Expect to swat away plenty of mosquitoes after Calgary’s heavy rainfall

Insect experts say that this week’s rain created a perfect storm of another kind, for breeding mosquitoes, awakening what has so far been a relatively benign skitter season.

However, it may be too soon to say if the city’s mosquito population will be larger than normal, as weather patterns play a large role in their life cycle.

The City of Calgary actively monitors mosquitoes as part of its Integrated Pest Management (IPM) plan, with technicians checking water samples for larva, an early stage of the mosquito life cycle.

Officials said heavy rainfall means that mosquitoes have more habitat to lay eggs in pools of still water, which then become larva and five to 10 days later mature into adult-size mosquitoes.

“We are going to see more mosquito habitat out there so that means that in the coming week or se we are definitely going to start to see more adult mosquitoes,” said Alex Pepperdine,  a technician with IPM.

However she said the resulting population will seem outsized compared to earlier in the spring simply because the city experienced dry conditions before the wet weather event.

“Its been pretty quiet up until now so people might start to notice it more just because there really hasn’t been much activity,” she said.

With more eggs in water, more mosquitoes will develop. However Pepperdine said hot weather after a heavy rainfall will speed up the life cycle of mosquitoes, and that helps determine if the population will be larger or small.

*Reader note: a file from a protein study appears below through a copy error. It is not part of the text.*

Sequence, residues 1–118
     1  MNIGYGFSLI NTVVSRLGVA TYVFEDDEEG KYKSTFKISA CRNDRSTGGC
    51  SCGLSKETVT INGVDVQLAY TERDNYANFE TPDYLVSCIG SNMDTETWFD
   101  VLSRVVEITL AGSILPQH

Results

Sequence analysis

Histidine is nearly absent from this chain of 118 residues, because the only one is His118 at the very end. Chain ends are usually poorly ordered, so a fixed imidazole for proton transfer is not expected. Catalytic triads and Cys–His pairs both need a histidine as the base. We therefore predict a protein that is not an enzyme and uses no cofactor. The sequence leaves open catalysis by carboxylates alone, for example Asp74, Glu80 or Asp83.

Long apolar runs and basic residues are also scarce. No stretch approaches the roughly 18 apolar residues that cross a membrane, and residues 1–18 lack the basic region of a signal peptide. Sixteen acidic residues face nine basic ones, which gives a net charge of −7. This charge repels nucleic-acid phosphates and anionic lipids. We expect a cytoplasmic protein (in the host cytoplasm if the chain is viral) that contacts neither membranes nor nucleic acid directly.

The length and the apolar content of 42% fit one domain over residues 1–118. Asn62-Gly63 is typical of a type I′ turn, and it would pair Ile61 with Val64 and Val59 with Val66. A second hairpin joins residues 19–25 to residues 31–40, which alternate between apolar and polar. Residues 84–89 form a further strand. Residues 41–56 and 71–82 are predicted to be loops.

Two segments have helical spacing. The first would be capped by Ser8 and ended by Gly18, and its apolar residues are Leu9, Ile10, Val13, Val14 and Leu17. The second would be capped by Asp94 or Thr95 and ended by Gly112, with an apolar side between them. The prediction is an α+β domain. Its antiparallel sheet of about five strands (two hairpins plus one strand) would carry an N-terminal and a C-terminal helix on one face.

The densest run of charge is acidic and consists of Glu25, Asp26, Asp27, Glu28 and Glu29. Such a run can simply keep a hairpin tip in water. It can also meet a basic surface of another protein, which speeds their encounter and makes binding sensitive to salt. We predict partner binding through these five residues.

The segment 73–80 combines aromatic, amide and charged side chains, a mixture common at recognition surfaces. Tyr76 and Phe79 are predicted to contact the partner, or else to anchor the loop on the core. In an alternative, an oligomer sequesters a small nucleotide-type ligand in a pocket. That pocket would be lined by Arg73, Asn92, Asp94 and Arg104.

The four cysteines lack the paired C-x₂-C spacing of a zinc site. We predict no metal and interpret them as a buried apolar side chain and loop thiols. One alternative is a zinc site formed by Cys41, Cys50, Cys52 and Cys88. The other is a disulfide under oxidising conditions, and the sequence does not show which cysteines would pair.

Pepperdine said officials will know more once the adult mosquitoes are flying around.

HOW TO MANAGE MOSQUITOES

She also has some recommendations for dealing with mosquitoes.

The first step is prevention.

Pepperdine said Calgarians can dump out any empty plant pots, buckets or toys that may have collected water, to prevent mosquitoes from laying eggs or allowing the larva places to swim and mature.

With more eggs in water, more mosquitoes will develop. However Alex Pepperdine said hot weather after a heavy rainfall will speed up the life cycle of mosquitoes, and that helps determine if the population will be larger or small.

She also recommends bug spray with enough deet.

Mosquito repellent can be harsh on human skin so she also recommends wearing long sleeved clothing outside, and limiting activities during dawn and dusk when mosquitoes are buzzing about.

She adds mosquitoes are attracted to the carbon dioxide humans exhale, and limiting activists that require heavy breathing will also help reduce mosquito bites.

View original article here Source